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DIRECTED BY: , Atsuko Fukushima, Kôji Morimoto, Hiroyuki Kitazume, Manabu Ôhashi, Hidetoshi Ômori, Yasuomi Umetsu, Hiroyuki Kitakubo, Takashi Nakamura
PLOT: Robot-themed animated shorts are assembled under the banner of a traveling “Robot Carnival.”
What do you call a robot made out of all kinds of things?
It’s a dark day when the “Robot Carnival” comes to town. In a windswept desert, a young boy finds the torn remains of a poster. Who can say what the year is? All that is on display is a little village peopled by survivors: survivors who immediately suss the danger of the coming attraction. They flee to their homes, nail jagged bits of wood across doors and windows, and wait out the menace. The menace is in the form a gargantuan machine chuffing its way to the center of town; chuffing and crushing, leveling half the homes before the true fireworks begin. Yes, the Robot Carnival is here: featuring a full band, with rocket trombones; bomb-dropping ballerina-droids; and a fireworks display that will leave you flattened.
This dark whimsicality is Robot Carnival‘s opening salvo. Among the collection’s attractions is the nebulous “Clouds” segment (dir. Manabu Ôhashi), the most non-traditional of the spectacles. A series of old-photograph sections come to life, as a robot boy travels ever leftwards with meditative, and possibly mythic, imagery playing in the background. “Presence” (dir. Yasuomi Umetsu) is the longest of the bunch, and starts off with a gang of hooligans severing the head of a passing toff to use as a football; rest assured, the decapitated automaton minces no words about his displeasure at being kicked around by these young jackanapes. The tone shifts to tell the story of a steampunk toy maker who crafts a robotic companion, and who then makes an immediately regrettable decision which haunts him the rest of his days.
The crème-de-la-crème (or whatever a robot-preferred dessert substance may be) is “Nightmare” (dir. Takashi Nakamura), a beautifully eerie fantasia with a cartoonishly comic undercurrent. A strange ‘bot astride a hovering mono-cycle travels the night, zapping power transformers, vehicles—anything electrical—to summon therefrom smiling prowlers. (The sight of dozens of jaggedly lithe metal gremlins springing from an earth-mover will happily haunt my memory for years to come.) This eldritch summoner, whose manner and appearance suggest the fabled Pied Piper, is interrupted by a drunk, who espies the massing mechanical monsters and tries to hie to safety on his scooter—only to zip headlong into the massive puppet-master-bot for a sequence worthy of “Merry Melodies.”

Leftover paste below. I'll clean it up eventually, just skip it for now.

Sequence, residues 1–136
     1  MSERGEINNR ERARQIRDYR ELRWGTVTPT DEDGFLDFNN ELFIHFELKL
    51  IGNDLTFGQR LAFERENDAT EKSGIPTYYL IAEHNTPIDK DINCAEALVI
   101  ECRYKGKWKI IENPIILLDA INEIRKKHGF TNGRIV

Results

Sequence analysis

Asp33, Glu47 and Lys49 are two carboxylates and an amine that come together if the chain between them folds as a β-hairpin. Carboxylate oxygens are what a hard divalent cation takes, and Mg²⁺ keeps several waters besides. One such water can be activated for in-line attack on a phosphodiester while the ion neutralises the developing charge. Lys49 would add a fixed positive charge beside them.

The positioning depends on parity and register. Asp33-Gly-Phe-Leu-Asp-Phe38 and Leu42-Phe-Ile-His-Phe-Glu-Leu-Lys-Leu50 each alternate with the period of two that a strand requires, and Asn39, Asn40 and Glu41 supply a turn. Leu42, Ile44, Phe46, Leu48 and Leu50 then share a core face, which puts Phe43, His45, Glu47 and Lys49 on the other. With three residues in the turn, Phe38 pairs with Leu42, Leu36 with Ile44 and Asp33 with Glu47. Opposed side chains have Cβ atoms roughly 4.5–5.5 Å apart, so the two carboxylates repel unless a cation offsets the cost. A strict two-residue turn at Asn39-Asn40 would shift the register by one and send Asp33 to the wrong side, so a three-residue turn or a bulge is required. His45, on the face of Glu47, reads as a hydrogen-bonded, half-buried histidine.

As with any mixture, the quality varies from section to section. However, considering these anime shorts were produced by the director/animator team behind Akira, there is much comfort—and much robot—to be taken in the fact that they are one talented team among many involved in this cavalcade of clankinous and creepy contraptions . Across the seven short films, flanked by Katsuhiro Ôtomo and Atsuko Fukushima’s paired intro and outro, Robot Carnival clatters along at an occasionally uneven, but never dull, shambling of hisses, humor, gears, and grandeur.
WHAT THE CRITICS SAY:
“If you’re a core anime fan, these shorts may be a little too alien and unfamiliar, but if you have a soft spot for creative animation then there’s plenty to love here… The animation is exemplary, the art styles wildly original and the stories support the madness.” -Niels Matthijs, Onderhond